Overall, the Street has given this stock 5 recent reviews and these break down 4 to 1 in favor of Buys over Holds – for a Strong Buy analyst consensus view. The stock is selling for $27 and has an average price target of $36.40, which implies a 34% gain in the year ahead. (See CEQP stock forecast on TipRanks)
KKR Real Estate Finance Trust (KREF)
Next up is a Real Estate Finance Trust, a REIT. These company’s are perennial leaders among dividend payers, as they usually use the payments to meet regulatory requirements regarding the return of profits to shareholders. KKR acquired and funds loans on a wide range of properties, including multifamily dwellings (48% of the portfolio), office space (27% of the portfolio), and life sciences facilities (10% of the total). The company’s portfolio currently includes $7.1 billion in performing loans, of which 99% are senior loans.
A hot recent real estate market has supported KKR over the last few months, and in 1Q22 the company reported 47 cents in distributable earnings per diluted share. This was based on a total $29.8 million in distributable earnings. The EPS total was down from the 55 cents reported in 1Q21 – but it was still sufficient to fund the company’s dividend, which was declared at 43 cents per common share.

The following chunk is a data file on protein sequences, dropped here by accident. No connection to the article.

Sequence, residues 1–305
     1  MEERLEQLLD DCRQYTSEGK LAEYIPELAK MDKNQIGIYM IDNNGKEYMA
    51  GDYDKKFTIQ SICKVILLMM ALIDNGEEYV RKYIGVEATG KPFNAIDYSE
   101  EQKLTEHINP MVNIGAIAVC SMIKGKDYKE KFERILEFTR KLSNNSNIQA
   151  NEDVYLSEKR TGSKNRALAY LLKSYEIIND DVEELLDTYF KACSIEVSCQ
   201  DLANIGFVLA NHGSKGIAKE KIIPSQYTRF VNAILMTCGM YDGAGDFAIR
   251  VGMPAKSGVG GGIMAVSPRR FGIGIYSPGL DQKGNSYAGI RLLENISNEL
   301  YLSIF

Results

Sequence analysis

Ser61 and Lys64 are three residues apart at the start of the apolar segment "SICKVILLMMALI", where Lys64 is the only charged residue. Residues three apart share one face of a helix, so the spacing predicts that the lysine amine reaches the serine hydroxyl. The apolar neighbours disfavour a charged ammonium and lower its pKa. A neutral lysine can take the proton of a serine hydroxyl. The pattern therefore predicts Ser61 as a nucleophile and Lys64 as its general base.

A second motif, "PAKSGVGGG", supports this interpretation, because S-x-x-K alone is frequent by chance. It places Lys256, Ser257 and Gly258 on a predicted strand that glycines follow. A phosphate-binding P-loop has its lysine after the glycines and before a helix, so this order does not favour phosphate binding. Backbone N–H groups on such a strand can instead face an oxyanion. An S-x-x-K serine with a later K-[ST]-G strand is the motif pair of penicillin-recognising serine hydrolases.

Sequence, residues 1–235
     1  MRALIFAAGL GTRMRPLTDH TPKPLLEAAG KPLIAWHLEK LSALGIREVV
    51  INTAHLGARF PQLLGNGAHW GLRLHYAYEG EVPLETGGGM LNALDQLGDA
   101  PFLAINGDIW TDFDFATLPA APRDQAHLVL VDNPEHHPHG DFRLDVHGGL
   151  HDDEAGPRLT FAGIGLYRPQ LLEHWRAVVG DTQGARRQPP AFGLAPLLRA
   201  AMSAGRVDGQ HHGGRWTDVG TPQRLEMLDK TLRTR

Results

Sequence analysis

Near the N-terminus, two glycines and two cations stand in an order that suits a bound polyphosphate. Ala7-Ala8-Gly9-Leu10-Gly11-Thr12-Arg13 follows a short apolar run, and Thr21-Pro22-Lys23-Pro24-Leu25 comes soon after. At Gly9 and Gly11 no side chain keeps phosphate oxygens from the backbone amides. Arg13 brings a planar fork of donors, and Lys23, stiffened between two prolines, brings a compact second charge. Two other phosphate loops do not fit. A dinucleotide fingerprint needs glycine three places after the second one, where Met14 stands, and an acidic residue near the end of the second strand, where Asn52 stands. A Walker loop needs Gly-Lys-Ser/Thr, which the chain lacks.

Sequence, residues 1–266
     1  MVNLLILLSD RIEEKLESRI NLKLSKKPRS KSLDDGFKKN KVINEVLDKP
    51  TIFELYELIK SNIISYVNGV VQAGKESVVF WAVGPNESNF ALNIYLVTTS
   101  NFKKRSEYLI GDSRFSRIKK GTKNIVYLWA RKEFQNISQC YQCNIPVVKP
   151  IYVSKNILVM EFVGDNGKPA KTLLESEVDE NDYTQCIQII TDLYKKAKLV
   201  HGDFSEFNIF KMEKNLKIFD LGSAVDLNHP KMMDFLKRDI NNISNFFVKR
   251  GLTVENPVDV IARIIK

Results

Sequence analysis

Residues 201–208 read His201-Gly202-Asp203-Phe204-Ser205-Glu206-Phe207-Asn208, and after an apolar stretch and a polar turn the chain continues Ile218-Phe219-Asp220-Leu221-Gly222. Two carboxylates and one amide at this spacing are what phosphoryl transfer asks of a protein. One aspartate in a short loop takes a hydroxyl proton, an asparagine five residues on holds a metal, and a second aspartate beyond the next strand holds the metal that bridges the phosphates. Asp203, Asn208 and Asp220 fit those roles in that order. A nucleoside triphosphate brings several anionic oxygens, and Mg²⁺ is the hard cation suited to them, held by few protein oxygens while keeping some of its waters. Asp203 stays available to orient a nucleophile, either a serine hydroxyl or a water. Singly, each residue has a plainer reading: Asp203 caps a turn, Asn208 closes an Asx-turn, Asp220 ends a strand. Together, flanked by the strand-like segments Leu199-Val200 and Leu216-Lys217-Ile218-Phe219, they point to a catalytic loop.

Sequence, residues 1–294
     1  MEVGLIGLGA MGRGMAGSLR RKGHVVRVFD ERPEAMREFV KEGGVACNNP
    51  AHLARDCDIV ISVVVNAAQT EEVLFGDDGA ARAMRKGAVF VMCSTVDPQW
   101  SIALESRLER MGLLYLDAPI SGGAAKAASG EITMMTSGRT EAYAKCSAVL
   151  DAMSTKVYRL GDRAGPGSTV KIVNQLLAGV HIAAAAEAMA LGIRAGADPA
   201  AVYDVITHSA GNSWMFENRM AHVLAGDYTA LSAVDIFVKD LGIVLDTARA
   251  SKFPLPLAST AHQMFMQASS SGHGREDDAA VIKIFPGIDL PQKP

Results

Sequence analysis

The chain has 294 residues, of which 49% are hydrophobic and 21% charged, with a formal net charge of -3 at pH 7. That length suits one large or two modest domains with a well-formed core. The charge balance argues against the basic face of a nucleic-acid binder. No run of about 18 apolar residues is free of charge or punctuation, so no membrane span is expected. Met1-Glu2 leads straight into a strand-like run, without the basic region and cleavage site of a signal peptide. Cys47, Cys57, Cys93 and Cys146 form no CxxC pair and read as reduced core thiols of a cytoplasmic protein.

The company has held the dividend steady at this level since 2019, a remarkable achievement, considering that many firms cut back on dividend payments during the worst of the COVID crisis. At its current rate, the dividend annualizes to $1.72 per common share and yields a robust 9.4%. This is a far higher yield than investors will find in Treasury bonds, or in the ‘average’ dividend-paying stock, and it beats inflation by a significant margin.